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Organize a Career-planning Weekend Retreat

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Organize a Career-planning Weekend Retreat

There are many parts of life that require regular maintenance and check-ups to run smoothly—cars need regular maintenance, your body needs a yearly physical—and the plan for your career is no different. If you conduct a yearly career-planning retreat, you will feel more confident in your career choice, better prepared for a change of direction, and motivated to pursue what matters most to you.

Depending on how much planning you need to do, your retreat could be one, two, or three days long. You can hold your retreat at home, in a local hotel, or in a beach-side cottage or secluded cabin. Wherever you go, it should be a place where you can think clearly and deeply, where you aren’t distracted by the normal hubbub of everyday-life.

Your retreat will break down into three stages of reflection, brainstorming, and planning.

Where You Are Currently in Your Career

To give yourself a complete picture of where you are in your career (and how it affects the other parts of your life), ask yourself:

  • Does your current career path facilitate the lifestyle you want? Think about salary, benefits, time off, personal fulfillment, impact on the world, overall satisfaction, work-life balance, etc.
  • Are you able to pursue your passions with your current path?
  • Are you using enough of your talents and strengths on your current career path, or does this path exploit your weak areas?
  • How will you know when you’ve succeeded in your career?
  • What do you value in your work and life, and do your values coincide with your current path?

Where You Want to Go Next

How you answer the questions in the first part will determine how much time you spend here and on the third section. If you are very satisfied in your current position, you will spend less time here; more time if you are less satisfied or dissatisfied.

What you want to achieve in your career in the near and distant future may include: to earn/receive a promotion, to increase your professional development efforts, to find a better balance between work and your personal life, to make a larger or different impact in the world. Once you decide these things, you’ll need to determine what needs to change and what the desired change looks like.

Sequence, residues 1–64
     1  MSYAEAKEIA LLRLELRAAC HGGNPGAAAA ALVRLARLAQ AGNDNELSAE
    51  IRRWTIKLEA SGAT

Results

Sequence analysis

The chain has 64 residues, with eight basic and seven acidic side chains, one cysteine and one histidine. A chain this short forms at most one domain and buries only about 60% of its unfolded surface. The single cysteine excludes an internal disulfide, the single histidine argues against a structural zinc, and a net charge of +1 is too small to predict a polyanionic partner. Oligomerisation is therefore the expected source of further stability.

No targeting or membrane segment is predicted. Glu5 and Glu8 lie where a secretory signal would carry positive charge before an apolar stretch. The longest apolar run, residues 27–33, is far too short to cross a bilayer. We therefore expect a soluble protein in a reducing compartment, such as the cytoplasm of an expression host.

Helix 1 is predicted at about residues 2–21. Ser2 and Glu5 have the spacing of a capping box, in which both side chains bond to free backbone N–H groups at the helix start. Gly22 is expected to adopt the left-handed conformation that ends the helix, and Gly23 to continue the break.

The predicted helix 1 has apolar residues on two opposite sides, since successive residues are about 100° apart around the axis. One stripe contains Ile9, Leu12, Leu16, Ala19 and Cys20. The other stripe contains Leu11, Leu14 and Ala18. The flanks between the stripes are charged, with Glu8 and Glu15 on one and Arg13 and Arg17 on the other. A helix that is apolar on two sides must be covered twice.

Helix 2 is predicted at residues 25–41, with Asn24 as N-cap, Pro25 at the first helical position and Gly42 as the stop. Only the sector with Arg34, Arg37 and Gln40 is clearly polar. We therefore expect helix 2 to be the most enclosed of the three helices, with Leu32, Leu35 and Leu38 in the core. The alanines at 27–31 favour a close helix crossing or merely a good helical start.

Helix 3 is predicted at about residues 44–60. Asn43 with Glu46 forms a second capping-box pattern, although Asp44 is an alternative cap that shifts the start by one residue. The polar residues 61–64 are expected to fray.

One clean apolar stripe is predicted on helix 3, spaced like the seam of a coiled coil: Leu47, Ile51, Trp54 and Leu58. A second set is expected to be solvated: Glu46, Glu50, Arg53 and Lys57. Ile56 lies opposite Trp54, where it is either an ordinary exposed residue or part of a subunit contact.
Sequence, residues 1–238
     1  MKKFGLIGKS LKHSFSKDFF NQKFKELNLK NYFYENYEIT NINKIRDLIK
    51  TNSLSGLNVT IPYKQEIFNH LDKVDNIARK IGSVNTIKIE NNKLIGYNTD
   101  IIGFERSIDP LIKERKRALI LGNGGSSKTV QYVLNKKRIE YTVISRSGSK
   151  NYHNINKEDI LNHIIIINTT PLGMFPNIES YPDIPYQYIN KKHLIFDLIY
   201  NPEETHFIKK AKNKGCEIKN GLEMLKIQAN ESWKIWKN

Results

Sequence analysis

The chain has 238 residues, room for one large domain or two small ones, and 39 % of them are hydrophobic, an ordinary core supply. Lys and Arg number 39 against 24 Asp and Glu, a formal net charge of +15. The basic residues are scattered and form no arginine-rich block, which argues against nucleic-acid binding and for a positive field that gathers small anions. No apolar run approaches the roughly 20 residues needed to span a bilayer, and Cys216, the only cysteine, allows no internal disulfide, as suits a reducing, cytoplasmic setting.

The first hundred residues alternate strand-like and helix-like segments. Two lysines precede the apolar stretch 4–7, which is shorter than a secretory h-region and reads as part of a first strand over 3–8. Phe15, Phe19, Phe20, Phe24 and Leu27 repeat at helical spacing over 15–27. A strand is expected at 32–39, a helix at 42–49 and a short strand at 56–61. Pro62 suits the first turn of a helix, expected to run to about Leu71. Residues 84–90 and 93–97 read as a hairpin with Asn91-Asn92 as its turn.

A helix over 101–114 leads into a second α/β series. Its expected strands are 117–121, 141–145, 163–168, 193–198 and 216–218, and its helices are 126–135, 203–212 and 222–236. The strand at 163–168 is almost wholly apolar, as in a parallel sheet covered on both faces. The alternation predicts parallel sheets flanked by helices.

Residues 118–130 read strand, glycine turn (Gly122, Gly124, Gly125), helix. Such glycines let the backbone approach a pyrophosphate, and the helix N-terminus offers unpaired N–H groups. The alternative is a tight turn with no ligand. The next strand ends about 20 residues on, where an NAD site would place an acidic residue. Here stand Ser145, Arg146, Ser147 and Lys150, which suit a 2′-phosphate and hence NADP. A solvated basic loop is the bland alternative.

Consider:

  • Your dream job/career: What would you want to do if no obstacles stood in your way?
  • What’s missing: What qualifications do you lack for getting to where you want to go?
  • Your interim move: If your dream job or career is not readily in your grasp, what could you do to get you one step closer?
  • What are the trends: What employment trends affect your desired career path?

How to Get There

Here’s where the rubber hits the road and you develop an action plan, or several plans: a brand-new five-year plan, a refined existing plan, or a detailed one-year plan.

Answer the questions:

  • Do you need to learn and investigate more about the career path that interests you? How will you do this (be specific)?
  • Do you need more training to get where you want to be? Again, how?
  • Do you need to relocate? Where?
  • Do you need to make a case with your employer for a promotion?
  • Do you need to brush up on your job-search skills?
  • Do you need better balance between your work life and professional life?

You should end your retreat with a detailed roadmap for what you need to achieve, learn, and change by next year’s retreat to obtain—or move closer to—your career goals.

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